Introduction: IPhone Pocket Speaker
This is a completely wireless, battery-free, eletronic-free passive phone speaker that is literally not much bigger than your cell phone when folded up. I made a wooden passive speaker a couple of years ago for my wife, which she uses quite often, but it's not portable. This one she can throw in her bag and use when she works as a nanny to play music for the kids.
Step 1: Materials and Drawings
The materials I used included a thin hard plastic garage sale sign, an old denim shirt, two sided tape, duct tape, and a couple of small rare earth magnets.
Start off by cutting the plastic to the given sizes and shapes with an olfa knife on a cutting board.
Step 2: Creating the Booklet Part 1
Staring off with a piece of blue duct tape (sticky side up) place the strip (D) up the middle of the tape, position the two pieces (A) leaving a little space between , about 1/8'' of tape showing (this will act as a hinge).
Flip it over and cover the entire other side with duct tape. Flip back over and position strip (C & B). Trim the tape all around the edge so that it is flush with the plastic.
Step 3: Creating the Booklet Part 2
Cut a piece of lightweight denim a little larger than your booklet (I used an old shirt) and tape it good side down. Cover the fabric with two-sided tape. Re-cut the fabric to 1/4'' larger than your booklet and cut the corners to a 45 degree angle.
Step 4: Creating the Booklet Part 3
Flip your booklet back over and remove one backing strip off your two sided tape and stick your booklet into position, fold the denim over onto the duct tape.
Remove the rest of the backing strips and stick the fabric to the booklet. Fold the other three edges over and press down between the plastic strips to create the hinges.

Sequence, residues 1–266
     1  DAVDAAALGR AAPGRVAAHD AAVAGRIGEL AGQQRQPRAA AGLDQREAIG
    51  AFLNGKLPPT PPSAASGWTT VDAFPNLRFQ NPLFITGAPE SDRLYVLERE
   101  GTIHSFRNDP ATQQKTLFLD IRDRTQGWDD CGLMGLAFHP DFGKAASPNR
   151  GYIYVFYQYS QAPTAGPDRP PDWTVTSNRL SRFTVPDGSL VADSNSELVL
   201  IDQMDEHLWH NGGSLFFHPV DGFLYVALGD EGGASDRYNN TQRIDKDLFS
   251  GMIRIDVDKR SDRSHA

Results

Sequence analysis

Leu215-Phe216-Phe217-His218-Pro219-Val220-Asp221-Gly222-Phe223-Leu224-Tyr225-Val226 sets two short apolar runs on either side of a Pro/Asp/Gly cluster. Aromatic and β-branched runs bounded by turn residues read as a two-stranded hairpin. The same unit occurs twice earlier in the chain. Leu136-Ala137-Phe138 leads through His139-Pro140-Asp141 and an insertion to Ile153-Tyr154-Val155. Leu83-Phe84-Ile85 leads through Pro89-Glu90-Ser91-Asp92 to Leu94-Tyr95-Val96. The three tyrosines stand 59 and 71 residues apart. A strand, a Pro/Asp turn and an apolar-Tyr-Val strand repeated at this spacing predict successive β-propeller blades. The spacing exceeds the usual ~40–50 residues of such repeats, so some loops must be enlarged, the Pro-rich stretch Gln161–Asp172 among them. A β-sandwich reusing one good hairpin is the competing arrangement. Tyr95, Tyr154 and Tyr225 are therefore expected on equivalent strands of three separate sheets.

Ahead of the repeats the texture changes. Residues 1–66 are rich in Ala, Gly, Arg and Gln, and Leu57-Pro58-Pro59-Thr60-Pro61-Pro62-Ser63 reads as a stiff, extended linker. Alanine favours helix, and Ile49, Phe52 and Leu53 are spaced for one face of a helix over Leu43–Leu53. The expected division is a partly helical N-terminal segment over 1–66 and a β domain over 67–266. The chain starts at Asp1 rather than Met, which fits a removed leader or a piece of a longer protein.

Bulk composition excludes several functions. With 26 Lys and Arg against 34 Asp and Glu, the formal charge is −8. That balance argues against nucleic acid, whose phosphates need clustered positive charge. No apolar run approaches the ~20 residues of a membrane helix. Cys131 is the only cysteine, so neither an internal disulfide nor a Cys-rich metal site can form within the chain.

Step 5: Upper and Lower Speaker Cone
To create the upper and lower speaker cone, position and stick pieces down onto white duct tape (leave a 1/8'' gap to create a hinge). Cover the whole side in duct tape and trim the edges so that it's flush around the plastic.
Flip over and apply blue duct tape to the entire other side and trim to 1/4'' away from the plastic. Fold the blue tape over on the curved edge only. Leave the rest exposed as this is what attaches the cones to the booklet.
Step 6: Lower Snap-Out Section
Position the two pieces onto blue duct tape and trim flush all around. (Note: the notch in the bottom is the thickness of your phone and 1/2'' wider than your phone). Flip over and put one strip of blue duct tape up the middle. Cut slit in this strip and fold over the edge.
Tape an elastic band to create a spring and cover each side of the elastic band with another piece of tape. Trim as per picture and leave the tape exposed on both ends.
Step 7: Installing the Upper and Lower Speaker Cone
Fold the upper and lower speaker cones in half, with the blue sides facing in. Position and stick one side of the cones down to the booklet, as pictured. The lower cone is 2 1/2'' up from the bottom of the booklet. Close the booklet and stick each speaker cone to the other side of the booklet. Once you have the two pieces in the right position the booklet should close easily once the speaker cones fold in half.
Once you have them in the correct position, put another piece of white tape to lock them in place on the inside. I used a piece of blue tape to cover over the white on the booklet back.
Step 8: Installing the Spring Lower Section
Position one side of the lower spring section (2 1/4'' away from centre spine) and close the booklet to fasten the other side. Lock into position by applying another piece of tape on the inside. Once everything is fastened in your booklet it should close up easily and stay open when the lower section is pulled out.
Step 9: Conclusion
I added a few strips of tape to embellish the speaker cone and also applied two small rare earth magnets to hold the booklet closed when not in use. Tape one on the inside of the cone section and glue one to the flap
This may not be as fancy or work as well as a bluetooth speaker but it will amplify the volume of your phone speaker and I find that is sounds less tinny as it does directly from my cell phone.
A fun little project that fits comfortably into any pocket, thanks for checking it out!
First Prize in the
Pocket Sized Contest